4/05/2013

Practical questions cognitive psychologists can ask about autism

Increasingly often on blogs and twitter, I've seen autistic people and their parents argue that too much funding is going to basic autism research, and that more of the money should go towards services.  In general, I agree--knowing the genetic and environmental causes of autism will not do much to help already-autistic people live independently, find jobs, develop relationships, manage sensory sensitivities and emotional extremes, and otherwise lead more fulfilling lives.  However, I occasionally sense a troubling tendency to reject any research that doesn't specifically develop or test services.  As someone who wants to understand how autistic people think and perceive, this bothers me.  My research field, cognitive psychology--the study of how people think and perceive--has implications for education and other services, but does not itself develop or test service programs.  Rather than reject this area of research, I'd like to ask how cognitive psychology research can ask more useful questions.

Here are just a few lines of research with practical implications.  At least some of these have been studied to some extent.

* In what sorts of ways do autistic people learn most effectively?  (There are probably multiple ways given the diversity of intellectual abilities, talent areas, and other traits of people on the spectrum).  Practical significance:  How can parents, teachers, and bosses support this learning so they can build on their strengths and compensate for weaknesses?  When autistic people grow up, how can they most effectively teach themselves?

* What function do obsessive interests in specific topics have?  How does a person organize their knowledge about their topic of special interest?  A lot of "experts" state, without citing evidence, that autistic people just know a bunch of disorganized facts and don't arrange them into some sort of conceptual structure.  But that not only makes no sense, it doesn't fit with my observations of how autistic people think and talk about their special interests.  Maybe autistic people just don't know how to communicate about their special interests in a way that seems organized and interesting to neurotypical people.  What if you allowed autistic people to talk about their interests in an open-ended way, had neurotypical experts on the same topic do the same, made concept maps of what they say, and compared how each structure their knowledge?  (There's a huge literature on how neurotypical experts think; why not make use of it?).

* Cognitive psychology excels at developing ways to measure the thought processes of people unable to put them into words.  For example, we measure looking time, eye movement patterns, and certain measures of brain activity to understand how babies and young children think.  Why not put these methods to good use to measure the understanding of autistic people with low verbal ability?

* Can one predict based on a baby or toddler's early sensory and motor characteristics what their pattern of strengths and weaknesses will be when they're older?  (For example, whether a child will end up having difficulties with reading, speaking, math, spatial processing, attention, or social interaction, all of which have been associated with sensory and motor characteristics but not necessarily the same ones).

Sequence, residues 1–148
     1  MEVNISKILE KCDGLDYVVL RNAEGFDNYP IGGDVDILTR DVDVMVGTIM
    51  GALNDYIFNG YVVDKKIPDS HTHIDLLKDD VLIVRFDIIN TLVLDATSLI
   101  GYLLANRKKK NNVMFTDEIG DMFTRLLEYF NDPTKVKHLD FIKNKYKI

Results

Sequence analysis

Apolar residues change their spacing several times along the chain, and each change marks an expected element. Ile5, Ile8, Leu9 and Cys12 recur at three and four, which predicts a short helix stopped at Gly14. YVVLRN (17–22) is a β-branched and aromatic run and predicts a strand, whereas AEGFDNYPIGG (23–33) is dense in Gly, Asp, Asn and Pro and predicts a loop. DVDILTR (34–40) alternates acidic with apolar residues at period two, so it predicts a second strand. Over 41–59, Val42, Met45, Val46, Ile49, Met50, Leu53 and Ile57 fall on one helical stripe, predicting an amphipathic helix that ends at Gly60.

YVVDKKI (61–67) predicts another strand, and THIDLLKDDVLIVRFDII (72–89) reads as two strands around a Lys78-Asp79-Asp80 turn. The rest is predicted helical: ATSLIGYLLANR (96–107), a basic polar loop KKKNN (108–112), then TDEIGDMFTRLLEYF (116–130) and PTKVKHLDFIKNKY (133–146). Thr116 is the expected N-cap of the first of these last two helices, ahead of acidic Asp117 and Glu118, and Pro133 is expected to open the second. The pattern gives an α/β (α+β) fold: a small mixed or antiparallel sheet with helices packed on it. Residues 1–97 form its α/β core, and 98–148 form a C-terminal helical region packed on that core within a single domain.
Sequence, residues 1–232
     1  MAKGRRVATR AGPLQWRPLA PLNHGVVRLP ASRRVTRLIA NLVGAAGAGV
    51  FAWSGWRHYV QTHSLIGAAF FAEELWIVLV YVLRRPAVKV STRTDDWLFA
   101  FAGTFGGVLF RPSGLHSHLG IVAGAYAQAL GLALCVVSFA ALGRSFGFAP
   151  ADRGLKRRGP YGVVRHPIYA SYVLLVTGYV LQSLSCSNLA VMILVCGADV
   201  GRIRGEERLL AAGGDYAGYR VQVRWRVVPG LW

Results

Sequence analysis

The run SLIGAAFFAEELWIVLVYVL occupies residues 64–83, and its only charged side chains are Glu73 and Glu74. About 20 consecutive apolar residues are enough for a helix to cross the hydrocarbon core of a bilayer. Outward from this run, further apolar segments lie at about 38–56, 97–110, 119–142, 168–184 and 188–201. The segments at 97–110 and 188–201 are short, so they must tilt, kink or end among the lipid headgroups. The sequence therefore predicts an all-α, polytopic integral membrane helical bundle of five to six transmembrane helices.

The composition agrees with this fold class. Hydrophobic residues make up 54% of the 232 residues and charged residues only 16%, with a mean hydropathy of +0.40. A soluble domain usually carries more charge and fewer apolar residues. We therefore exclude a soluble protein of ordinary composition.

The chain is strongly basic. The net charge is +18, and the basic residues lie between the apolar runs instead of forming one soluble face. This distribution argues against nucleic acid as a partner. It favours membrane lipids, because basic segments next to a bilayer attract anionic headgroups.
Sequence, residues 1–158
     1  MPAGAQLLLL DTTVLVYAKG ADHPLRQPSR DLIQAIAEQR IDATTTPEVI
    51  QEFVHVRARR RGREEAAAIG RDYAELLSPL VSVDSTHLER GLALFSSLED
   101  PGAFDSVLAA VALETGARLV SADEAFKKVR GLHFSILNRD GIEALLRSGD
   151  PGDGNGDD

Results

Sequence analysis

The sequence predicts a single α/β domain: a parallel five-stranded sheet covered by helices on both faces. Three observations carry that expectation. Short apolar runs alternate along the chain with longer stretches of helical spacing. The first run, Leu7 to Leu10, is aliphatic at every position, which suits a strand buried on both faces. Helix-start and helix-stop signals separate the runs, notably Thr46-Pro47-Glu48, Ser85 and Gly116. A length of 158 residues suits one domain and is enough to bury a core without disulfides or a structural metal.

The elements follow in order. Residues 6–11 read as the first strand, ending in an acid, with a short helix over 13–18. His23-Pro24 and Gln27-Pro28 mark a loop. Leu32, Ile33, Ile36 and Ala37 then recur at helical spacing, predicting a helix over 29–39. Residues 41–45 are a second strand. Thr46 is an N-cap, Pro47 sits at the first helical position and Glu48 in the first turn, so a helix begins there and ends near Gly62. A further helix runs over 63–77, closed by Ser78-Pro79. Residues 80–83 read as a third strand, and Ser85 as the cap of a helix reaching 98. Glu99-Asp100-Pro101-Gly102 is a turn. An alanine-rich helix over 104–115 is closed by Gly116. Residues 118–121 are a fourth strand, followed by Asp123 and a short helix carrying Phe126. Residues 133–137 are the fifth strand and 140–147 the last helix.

* How do sensory hyper and hyposensitivities work?  Are there ways a person can "desensitize" themselves to some degree if they so wish?  Are there ways to train one's brain to process sensory stimuli more effectively

* Why do autistic people have such good memories?  How can they use this strength to develop their strengths and compensate for their weaknesses?

* Given how observant, honest, and reality-oriented autistic people often are, why do so many have difficulty learning self-care and practical life skills?  What makes these skills hard to learn and how can they be learned more easily?

* Why do autistic people interpret language "literally?"  What inferences are they not making?  Are there alternative ways they can learn to make these inferences?

* What, specifically, makes it hard for autistic people to understand the reasons for other people's behavior?  What does this suggest about how to compensate?

* What, specifically, makes it hard for autistic people to project body language and facial expressions that conventionally express how they actually feel?  I.e., why do they project signals that normally indicate very different mental states, leading people to misunderstand them?  What does this suggest about how to compensate?

* Neurotypical kids' social development is fostered by feedback from their parents, who mirror their behavior and thus model reciprocal interactions from an early age.  As Morton Ann Gernsbacher and her colleagues pointed out, autistic babies don't give the usual cues their parents are expecting, and the parents don't necessarily mirror them or give them the social feedback that helps neurotypical babies.  So how much of an autistic person's social disabilities come from their own characteristics, and how much from early differences in their interactions with caretakers?  Is there any difference from non-autistic babies whose parents don't give them the usual cues for some reason?  If parents were to mirror autistic babies' (unusual) cues, would this help autistic babies' social development?

What role do you see cognitive psychology and neuroscience playing in a world increasingly concerned with redressing the imbalance between basic research and services?  What kind of research would you like to see?